During a 2012 joint appearance in Mexico City with then presidential candidate Enrique Peña Nieto, I saw that the Mexican media was attacking him savagely. His critics argued that he was inexperienced and untested, a pretty boy with a TV-star wife; they were skeptical that his party, the ancient PRI, would reform the country and take on the drug cartels. Yet it was obvious to me that he had boatloads of charisma, a quick grasp of the issues and a self-deprecating humorous side.
Since his narrow election victory, Peña Nieto’s stock has skyrocketed, with near unanimous praise from across Mexican society. He signed a “Pact for Mexico” in December with the two opposition parties and has enacted significant labor reforms. He’s proposed significant changes in the energy and telecommunications sectors, as well as improvements in the nation’s finances. At the Organization of American States, he has led the fight against countries like Ecuador that seek curbs on press freedoms.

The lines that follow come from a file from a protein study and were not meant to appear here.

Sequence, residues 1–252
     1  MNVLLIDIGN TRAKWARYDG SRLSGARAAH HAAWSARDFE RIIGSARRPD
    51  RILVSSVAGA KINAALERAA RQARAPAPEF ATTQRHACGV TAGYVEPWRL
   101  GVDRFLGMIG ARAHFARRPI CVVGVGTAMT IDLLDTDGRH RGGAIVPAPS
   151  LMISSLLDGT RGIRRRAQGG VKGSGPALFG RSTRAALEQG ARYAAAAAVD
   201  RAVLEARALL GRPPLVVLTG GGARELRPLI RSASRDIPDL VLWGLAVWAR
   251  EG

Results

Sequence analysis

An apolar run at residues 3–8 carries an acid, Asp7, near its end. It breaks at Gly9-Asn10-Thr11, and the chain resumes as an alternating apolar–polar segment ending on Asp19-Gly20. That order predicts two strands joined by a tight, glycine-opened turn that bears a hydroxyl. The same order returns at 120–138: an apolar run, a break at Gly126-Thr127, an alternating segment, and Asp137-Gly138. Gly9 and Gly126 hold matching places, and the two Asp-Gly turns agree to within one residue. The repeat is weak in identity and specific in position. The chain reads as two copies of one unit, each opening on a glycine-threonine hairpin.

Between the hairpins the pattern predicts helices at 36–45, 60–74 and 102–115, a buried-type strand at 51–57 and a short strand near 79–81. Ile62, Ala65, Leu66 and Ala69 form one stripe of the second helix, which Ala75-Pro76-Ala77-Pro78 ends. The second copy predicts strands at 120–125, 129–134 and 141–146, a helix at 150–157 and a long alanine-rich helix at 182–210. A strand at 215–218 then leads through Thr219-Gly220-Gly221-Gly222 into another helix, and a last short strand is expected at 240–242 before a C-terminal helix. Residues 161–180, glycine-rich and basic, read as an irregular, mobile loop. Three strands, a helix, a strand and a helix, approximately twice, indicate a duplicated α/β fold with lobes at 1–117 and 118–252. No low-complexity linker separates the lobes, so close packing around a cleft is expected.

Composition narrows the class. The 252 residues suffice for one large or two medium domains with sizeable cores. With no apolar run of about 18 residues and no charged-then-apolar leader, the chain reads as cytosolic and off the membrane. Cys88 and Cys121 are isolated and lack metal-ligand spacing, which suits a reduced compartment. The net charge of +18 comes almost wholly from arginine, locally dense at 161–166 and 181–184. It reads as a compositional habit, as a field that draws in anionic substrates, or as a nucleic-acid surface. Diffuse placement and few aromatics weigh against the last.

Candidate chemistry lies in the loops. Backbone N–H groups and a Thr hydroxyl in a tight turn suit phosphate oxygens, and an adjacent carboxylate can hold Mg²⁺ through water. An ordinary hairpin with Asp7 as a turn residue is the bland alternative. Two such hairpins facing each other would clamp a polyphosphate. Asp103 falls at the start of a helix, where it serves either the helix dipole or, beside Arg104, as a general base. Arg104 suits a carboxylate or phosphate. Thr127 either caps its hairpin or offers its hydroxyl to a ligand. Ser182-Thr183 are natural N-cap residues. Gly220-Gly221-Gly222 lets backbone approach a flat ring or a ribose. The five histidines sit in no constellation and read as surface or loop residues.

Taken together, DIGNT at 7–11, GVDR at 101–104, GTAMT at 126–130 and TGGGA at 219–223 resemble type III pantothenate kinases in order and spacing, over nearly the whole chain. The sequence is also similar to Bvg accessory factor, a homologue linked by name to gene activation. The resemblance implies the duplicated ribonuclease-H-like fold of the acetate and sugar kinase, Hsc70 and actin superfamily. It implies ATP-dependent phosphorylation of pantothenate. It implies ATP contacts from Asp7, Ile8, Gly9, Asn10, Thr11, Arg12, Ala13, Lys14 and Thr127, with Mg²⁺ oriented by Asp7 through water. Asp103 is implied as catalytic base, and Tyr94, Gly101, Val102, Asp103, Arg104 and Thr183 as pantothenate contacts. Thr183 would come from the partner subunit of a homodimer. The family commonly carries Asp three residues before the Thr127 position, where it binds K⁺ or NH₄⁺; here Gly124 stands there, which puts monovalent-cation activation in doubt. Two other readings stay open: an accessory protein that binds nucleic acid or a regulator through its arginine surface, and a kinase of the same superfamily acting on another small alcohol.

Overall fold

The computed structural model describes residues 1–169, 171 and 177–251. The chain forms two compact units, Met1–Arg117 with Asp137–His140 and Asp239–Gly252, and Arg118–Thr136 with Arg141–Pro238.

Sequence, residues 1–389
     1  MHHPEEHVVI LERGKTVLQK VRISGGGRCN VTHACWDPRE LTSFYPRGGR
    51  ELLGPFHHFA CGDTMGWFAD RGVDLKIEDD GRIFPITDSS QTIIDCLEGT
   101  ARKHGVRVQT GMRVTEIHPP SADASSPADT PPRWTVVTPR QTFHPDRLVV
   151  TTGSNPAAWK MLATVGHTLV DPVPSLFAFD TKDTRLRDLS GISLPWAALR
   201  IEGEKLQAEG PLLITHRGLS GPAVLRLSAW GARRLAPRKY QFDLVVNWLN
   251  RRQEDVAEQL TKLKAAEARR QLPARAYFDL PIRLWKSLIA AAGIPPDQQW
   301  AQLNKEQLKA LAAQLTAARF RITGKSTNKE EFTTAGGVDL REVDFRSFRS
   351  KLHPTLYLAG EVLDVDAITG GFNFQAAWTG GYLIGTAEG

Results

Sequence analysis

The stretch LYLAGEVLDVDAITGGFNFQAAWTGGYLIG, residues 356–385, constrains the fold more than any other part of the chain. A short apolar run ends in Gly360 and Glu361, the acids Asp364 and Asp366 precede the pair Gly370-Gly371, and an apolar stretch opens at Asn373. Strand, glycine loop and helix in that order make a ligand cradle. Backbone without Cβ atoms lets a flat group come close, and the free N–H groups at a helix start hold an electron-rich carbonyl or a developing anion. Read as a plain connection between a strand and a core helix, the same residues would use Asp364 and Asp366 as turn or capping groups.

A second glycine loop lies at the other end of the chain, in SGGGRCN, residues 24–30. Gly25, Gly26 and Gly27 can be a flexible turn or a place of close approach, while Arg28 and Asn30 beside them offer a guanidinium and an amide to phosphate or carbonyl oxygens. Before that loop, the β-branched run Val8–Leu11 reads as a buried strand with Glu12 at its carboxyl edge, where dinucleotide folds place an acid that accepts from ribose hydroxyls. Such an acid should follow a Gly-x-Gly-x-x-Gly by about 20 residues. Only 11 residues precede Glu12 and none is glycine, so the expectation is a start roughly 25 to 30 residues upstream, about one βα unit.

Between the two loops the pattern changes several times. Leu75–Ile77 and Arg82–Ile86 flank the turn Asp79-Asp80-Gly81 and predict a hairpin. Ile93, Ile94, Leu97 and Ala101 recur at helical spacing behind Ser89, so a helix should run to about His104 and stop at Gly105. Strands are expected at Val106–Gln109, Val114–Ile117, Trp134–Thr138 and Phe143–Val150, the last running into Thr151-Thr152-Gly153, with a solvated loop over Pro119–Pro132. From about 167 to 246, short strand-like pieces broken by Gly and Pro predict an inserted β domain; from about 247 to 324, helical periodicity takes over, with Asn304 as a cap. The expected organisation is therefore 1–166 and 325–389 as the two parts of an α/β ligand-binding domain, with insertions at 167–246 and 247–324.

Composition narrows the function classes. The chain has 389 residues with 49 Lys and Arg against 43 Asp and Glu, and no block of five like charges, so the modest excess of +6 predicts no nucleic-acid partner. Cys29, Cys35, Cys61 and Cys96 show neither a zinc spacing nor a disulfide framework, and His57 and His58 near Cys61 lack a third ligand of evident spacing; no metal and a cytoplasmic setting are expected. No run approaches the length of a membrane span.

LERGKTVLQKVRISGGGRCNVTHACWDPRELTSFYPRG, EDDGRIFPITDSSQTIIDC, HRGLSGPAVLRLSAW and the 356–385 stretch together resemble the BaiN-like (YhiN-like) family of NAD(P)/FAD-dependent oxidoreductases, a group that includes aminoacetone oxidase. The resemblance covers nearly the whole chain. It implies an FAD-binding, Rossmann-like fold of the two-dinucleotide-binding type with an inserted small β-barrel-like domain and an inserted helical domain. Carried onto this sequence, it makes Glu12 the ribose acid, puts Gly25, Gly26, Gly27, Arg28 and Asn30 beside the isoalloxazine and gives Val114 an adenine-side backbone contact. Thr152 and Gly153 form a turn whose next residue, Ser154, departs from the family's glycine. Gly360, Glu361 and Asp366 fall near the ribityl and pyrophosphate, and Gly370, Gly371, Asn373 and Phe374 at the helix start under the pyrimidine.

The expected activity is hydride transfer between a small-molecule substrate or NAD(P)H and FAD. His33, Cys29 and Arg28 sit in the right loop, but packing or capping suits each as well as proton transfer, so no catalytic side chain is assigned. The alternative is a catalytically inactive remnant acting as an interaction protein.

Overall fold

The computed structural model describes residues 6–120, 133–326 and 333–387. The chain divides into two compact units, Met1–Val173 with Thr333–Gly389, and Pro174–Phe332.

The U.S. shouldn’t treat Peña Nieto like a patsy. He combines Reagan’s charisma with Obama’s intellect and Clinton’s political skills. This is a leader to watch.
Richardson is a former governor of New Mexico
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